B-cell activity markers are associated with different disease activity domains in primary Sjögren’s syndrome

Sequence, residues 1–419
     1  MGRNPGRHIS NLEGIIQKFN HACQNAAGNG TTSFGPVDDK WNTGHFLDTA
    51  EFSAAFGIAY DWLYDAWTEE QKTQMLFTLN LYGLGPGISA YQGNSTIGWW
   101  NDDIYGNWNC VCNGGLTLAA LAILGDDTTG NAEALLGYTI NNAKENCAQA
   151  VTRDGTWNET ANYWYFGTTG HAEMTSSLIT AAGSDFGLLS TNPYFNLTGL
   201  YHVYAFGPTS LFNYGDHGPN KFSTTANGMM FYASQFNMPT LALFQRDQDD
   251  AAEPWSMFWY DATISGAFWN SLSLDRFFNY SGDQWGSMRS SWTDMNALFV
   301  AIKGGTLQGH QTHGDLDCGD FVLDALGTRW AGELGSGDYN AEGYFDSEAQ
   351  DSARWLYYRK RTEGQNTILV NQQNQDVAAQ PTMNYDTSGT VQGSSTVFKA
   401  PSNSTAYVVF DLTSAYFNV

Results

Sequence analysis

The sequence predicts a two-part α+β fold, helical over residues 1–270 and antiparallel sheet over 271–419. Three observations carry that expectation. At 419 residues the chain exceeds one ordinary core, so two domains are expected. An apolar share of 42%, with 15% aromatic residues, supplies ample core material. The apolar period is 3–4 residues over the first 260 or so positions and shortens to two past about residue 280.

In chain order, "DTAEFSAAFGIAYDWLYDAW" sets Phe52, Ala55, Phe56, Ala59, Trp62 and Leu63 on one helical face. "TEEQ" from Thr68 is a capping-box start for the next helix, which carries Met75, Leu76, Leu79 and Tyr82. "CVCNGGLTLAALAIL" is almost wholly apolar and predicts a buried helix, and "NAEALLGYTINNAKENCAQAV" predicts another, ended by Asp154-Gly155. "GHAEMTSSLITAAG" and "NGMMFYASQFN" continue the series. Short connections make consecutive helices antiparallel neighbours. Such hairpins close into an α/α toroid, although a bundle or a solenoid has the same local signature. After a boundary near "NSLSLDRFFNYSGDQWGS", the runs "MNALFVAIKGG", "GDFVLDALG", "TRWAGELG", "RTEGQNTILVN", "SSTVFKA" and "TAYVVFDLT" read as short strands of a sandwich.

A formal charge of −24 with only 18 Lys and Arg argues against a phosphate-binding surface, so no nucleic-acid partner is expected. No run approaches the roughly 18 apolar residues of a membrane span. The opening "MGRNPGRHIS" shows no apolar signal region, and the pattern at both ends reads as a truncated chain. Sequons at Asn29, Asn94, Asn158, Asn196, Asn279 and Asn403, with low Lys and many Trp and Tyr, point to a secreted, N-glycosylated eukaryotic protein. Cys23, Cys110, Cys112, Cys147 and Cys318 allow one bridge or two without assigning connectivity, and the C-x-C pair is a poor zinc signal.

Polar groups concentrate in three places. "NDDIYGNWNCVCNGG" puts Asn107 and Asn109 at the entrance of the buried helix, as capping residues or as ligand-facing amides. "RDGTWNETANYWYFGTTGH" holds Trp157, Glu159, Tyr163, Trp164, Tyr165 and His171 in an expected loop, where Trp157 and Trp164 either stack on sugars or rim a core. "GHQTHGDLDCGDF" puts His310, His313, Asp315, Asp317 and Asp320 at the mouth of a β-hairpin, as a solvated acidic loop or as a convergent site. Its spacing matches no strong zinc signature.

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Abstract